- The Washington Times - Sunday, November 14, 2004

FedEx Field could be anything but home sweet home for the Washington Redskins today.

Not only has the club lost six of its past seven games at home, including three of four this season, but struggling quarterback Mark Brunell faces a potentially short-tempered crowd as the Redskins play host to the Cincinnati Bengals.

Two weeks ago in a loss to the Green Bay Packers, Brunell was booed intermittently starting with the Redskins’ first series. As the day progressed, fans began chanting for coach Joe Gibbs to insert young backup Patrick Ramsey.

Ironically, Brunell was enjoying one of his better games as a Redskin, completing 56.8 percent of his passes for 218 yards. Only in the Sept.27 loss to the Dallas Cowboys did he perform better.

Thus things could get interesting today if Brunell plays as he did last weekend at Detroit, when he hit just six of 17 throws for 58 yards.

“No, I don’t [think about it],” Brunell said this week. “If you think about it going in, then you probably have the wrong mind-set. You go in thinking positive, that this is the week where you get things going. There’s going to be incompletions. There’s going to be what appears to be a bad play or two. Regardless of what the fans do about that, you just go play. Keep going.”

This season undoubtedly has been the most difficult of Brunell’s career. He is completing just 51.1 percent of his passes (after carrying a career 60.3 clip into the year) and averaging just 5.2 yards an attempt (7.1 prior to 2004). Both 2004 statistics rank among the NFL’s worst.

Most observers figured Brunell’s play would improve as his first season with Gibbs progressed, but instead he has slumped even further. Only once in the past four games has he thrown for more than 100 yards (against Green Bay), and at Detroit Gibbs asked him to throw just two passes in the second half as Washington preserved a lead.

In fact, running back Clinton Portis, who hit Laveranues Coles on a 15-yard trick-play touchdown pass, threw for 7 more yards than Brunell did after halftime last week.

Overall, it was the first game in which the other 10 offensive players seemed to play fairly well while Brunell still struggled. But Gibbs strongly endorsed Brunell Monday, and teammates continue to stand behind the passer as he prepares to face a restless fan base.

“I’m supportive of Mark,” guard Randy Thomas said. “I’m supportive of anybody who’s out there fighting their [butt] off and trying to win.”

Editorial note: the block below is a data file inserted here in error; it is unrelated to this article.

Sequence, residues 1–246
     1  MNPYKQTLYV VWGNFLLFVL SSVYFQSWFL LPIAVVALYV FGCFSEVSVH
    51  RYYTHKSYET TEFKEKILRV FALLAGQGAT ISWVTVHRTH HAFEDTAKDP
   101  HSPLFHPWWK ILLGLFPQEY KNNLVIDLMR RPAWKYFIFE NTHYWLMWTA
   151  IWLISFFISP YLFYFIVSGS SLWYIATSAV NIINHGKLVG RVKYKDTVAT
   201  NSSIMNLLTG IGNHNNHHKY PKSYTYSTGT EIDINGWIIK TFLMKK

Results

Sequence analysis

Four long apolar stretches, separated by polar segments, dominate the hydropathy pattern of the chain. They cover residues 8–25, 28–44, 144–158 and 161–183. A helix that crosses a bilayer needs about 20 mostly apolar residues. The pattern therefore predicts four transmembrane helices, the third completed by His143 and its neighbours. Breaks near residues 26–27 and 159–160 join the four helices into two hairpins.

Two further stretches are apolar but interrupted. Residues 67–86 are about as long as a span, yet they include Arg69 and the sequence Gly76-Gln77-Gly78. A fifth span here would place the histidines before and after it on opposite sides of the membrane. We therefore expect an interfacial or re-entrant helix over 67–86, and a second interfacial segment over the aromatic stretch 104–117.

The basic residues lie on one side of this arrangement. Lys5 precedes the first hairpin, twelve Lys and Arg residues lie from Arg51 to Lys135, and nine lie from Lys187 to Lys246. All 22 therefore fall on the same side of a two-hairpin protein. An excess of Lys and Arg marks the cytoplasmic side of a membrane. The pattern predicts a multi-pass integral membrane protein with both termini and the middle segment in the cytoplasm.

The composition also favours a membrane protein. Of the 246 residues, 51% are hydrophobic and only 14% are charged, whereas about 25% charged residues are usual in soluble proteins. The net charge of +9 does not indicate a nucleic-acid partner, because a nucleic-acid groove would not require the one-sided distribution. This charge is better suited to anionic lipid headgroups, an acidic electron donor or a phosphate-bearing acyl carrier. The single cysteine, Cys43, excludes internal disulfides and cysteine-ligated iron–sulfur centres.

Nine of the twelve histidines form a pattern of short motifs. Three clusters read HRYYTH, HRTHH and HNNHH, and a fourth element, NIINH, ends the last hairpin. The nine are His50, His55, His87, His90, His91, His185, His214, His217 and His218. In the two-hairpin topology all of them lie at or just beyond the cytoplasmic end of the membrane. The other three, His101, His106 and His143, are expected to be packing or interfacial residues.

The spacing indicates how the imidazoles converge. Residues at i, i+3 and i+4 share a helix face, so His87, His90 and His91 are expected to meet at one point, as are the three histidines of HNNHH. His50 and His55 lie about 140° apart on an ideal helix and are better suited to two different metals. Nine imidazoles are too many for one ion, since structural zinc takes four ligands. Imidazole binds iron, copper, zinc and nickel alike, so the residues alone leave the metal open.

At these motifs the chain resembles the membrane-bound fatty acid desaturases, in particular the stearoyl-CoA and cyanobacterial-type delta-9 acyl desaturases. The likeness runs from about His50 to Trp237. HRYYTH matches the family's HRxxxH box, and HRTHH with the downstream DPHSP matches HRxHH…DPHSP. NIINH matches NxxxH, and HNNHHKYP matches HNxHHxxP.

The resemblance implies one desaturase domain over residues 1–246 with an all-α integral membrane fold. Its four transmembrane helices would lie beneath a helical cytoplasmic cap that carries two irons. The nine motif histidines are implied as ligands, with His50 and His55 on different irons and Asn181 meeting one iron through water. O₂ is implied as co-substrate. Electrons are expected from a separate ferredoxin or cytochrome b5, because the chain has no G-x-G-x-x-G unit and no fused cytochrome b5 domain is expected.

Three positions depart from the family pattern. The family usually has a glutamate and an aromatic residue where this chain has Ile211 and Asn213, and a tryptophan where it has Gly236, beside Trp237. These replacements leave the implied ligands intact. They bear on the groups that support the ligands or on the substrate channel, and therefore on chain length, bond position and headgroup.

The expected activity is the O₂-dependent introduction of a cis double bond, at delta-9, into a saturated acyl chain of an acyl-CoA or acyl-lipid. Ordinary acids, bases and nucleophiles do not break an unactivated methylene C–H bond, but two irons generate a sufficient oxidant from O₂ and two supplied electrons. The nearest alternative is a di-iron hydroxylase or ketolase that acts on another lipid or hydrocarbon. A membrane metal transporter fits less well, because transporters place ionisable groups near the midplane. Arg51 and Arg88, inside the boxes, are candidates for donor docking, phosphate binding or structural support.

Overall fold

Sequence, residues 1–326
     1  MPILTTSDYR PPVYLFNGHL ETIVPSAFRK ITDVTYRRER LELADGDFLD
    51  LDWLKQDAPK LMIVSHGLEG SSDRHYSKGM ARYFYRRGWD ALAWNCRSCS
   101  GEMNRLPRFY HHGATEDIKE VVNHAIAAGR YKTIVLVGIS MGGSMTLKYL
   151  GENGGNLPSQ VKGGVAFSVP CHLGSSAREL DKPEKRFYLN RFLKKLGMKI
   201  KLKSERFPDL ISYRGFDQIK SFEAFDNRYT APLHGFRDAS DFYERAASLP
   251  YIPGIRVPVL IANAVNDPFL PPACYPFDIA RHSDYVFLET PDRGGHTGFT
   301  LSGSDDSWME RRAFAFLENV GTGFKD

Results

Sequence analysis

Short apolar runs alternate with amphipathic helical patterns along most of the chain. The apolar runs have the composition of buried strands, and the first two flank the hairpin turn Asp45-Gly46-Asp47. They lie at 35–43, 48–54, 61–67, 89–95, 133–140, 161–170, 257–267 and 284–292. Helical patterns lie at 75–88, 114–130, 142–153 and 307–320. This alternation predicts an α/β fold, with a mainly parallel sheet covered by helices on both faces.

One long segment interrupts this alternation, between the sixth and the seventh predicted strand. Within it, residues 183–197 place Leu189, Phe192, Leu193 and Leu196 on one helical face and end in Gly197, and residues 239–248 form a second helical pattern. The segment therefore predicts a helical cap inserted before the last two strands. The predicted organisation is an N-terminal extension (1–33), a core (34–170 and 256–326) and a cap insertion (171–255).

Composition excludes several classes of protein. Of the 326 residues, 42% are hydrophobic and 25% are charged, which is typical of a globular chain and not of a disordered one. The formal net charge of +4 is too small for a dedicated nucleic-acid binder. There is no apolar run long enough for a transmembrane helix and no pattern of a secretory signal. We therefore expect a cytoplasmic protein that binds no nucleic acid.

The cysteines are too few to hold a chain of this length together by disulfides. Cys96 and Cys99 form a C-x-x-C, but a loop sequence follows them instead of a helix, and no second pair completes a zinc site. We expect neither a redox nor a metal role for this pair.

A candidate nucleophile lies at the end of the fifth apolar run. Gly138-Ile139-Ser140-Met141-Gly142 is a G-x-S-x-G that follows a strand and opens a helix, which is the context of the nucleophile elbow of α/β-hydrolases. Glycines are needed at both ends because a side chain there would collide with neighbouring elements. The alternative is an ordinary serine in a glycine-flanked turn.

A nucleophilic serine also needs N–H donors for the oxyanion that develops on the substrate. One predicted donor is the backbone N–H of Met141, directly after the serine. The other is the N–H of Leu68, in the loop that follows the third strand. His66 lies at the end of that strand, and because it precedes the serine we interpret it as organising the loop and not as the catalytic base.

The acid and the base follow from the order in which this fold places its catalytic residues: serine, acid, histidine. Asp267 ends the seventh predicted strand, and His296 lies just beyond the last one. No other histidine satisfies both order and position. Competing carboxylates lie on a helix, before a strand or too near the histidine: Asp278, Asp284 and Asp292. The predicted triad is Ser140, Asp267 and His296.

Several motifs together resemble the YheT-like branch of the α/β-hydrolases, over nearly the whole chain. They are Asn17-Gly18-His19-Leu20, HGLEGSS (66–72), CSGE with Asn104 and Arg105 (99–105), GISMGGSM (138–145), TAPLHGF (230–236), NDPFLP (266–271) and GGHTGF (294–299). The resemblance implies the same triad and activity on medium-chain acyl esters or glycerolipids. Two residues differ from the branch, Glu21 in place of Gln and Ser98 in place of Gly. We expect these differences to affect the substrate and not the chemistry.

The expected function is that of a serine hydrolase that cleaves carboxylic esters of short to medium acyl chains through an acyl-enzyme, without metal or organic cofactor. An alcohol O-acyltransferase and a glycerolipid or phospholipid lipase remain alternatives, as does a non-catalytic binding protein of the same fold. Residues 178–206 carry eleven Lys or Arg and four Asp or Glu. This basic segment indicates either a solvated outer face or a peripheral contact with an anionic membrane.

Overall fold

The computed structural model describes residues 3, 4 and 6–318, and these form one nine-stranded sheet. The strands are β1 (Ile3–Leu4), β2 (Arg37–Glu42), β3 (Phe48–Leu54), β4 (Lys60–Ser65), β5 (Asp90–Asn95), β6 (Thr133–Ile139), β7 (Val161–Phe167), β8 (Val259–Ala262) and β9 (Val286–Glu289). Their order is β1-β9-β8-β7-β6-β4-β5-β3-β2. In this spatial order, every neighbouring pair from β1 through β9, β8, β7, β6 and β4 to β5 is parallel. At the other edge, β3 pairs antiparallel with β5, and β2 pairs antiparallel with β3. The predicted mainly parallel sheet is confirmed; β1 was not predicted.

Of the potential for widespread boos today, Thomas added, “It’s kind of bad, man. If we were 6-2, he’d be the greatest man in the world. We’ve just got to go through the growing pains. This is our first year — everybody’s first year in this system.”

Quickly frustrated fans are a product of times, Brunell believes. Having spent 11 years in the NFL since leaving the University of Washington in 1993, Brunell has watched crowds grow increasingly quick-tempered. He pointed to the boos at Ford Field last weekend for quarterback Joey Harrington — who had sparked the Lions to a surprising 4-3 start.

“Granted, you don’t like hearing it,” Brunell said. “You hear it. It’s nothing you want to go through. But it’s part of the job. If you play long enough, at some point you’re going to get it. It’s common. [And] it happens more now than when I started playing.”

Of course, things might be fine today. Optimism stems from the increasingly solid play of Portis, who has become more patient in allowing blocks to develop. Over the past three games, he has a 171-yard outing, 147-yard outing and has averaged 4.5 yards a carry.

With Washington going up against the last-ranked run defense of Bengals coach Marvin Lewis, the Redskins’ 2002 defensive coordinator, Portis could run wild. Or Brunell could have a wide-open secondary to target as Cincinnati pushes extra players toward the line of scrimmage.

And if not? Expect the boo-birds to be chirping.

“Places like our stadium, where the fans are very vocal and very emotional, if you’re not playing well, you kind of understand what’s going to happen,” Gibbs said. “Our fans do play a part because they’re so into the game. They’re emotional. They care. That’s what we want.

“We’ve talked before — if you’re a quarterback, a coach, you’re going to take some heat if things are not going well. You’ve got to expect that.”

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